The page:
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  • Erica Ponder

Where Culture and Religion Collide: Sanayya Sohail’s Story


Sanayya Sohail is a young woman from Karachi, Pakistan, that has been embedded in the Islamic faith her entire life. Enjoy the free knowledge Sohail gives as she talked to Empowered Expressions about experiences being a Middle Eastern woman in the United States and persevering, no matter the circumstances.

Q. How does your culture empower you as a woman?

A. My culture doesn’t empower me as a woman. My religion does. My religion gives women the right to work but places the financial responsibility on the male figure. It gives me the right to get educated and take care of children. However the domestic responsibilities are to be carried out as an option. The male is equally responsible. My religion also gives me the right to inherit property but I don’t have to share my inheritance with anyone. The male has to share his with his wife and children. My culture actually weakens women by putting an unnecessary burden on the woman to complete all household chores with minimum help and try to work as well. Additionally, culturally many men don’t respect women in their families. A lot of families have to pay a high amount of dowry to the husband’s family.

Q. Do you find it hard living in this country and trying to embrace that empowerment?

A. I think there are many advantages such as education and being able to practice freely. However, it is a bit hard to get a job in liberal arts or education if you wear a scarf. I would get looks from people while subbing. A lot of the times at interviews, people think that I’m from a foreign country just because I wear a scarf and ask subtle questions about. The scarf is a religious practice that can be worn by anyone not just Muslim foreigners.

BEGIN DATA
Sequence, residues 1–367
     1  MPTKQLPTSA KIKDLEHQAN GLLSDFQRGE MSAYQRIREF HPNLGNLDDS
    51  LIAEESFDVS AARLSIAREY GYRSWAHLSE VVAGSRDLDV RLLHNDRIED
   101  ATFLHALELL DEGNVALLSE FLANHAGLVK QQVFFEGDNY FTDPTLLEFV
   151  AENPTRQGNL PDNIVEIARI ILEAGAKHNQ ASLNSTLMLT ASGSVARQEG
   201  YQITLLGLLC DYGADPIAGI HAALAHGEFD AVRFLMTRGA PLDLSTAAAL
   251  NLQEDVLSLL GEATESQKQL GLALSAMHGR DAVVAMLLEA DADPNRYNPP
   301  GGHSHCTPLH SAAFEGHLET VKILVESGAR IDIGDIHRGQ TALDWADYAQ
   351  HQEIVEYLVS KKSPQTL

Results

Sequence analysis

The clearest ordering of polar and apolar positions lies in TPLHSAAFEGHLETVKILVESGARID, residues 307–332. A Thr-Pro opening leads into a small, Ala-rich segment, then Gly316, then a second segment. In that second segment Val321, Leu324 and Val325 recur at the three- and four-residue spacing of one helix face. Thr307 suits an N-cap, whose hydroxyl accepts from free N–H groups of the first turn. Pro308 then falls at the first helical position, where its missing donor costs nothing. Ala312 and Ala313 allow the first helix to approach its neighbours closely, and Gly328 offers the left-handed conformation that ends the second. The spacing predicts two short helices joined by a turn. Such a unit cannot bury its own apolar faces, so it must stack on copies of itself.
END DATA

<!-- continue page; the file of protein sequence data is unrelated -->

Q. How are you able to persevere in spite of those things?

A. Excelling, not giving up and doing more than required. Perseverance is key!

Q. How have your experiences shaped you to be the woman you are?

My experiences have made me more intelligent. I don’t feel as naive anymore. I understand the world better and that preferential treatment is present everywhere, including the U.S. I feel that being in such a situation makes you strive harder, to learn more, accomplish more. It might not give you success right away, but you are more successful in the end as you learn more skills and gain more knowledge. You acquire more skills and knowledge as you that you are required to have more to be offered the same position.

Q. How does it make you feel to see women in your culture that are at a disadvantage?

I think it is a bit sad to see women in my culture at a disadvantage. However, I think is more sad for the people who don’t give them a chance. These women are knowledgeable, hardworking, honest and dedicated. However, their external appearance prevents them from getting many positions since a normal dressed person is preferred. We are so used to living in a box and accepting the norm that anything outside scares us. This is more saddening for a country that claims to be so advanced and broad minded versus the individual who is turned away. The individual who wants to be successful will find a way to do it.

Q. What are your hopes for women in your culture?

A. I hope that they don’t quit or get discouraged. We should stay true to ourselves. Everything in life is relative and changes, depending on the situation. But your principals should be absolute. They should change every time you need to please someone or get some advantage.


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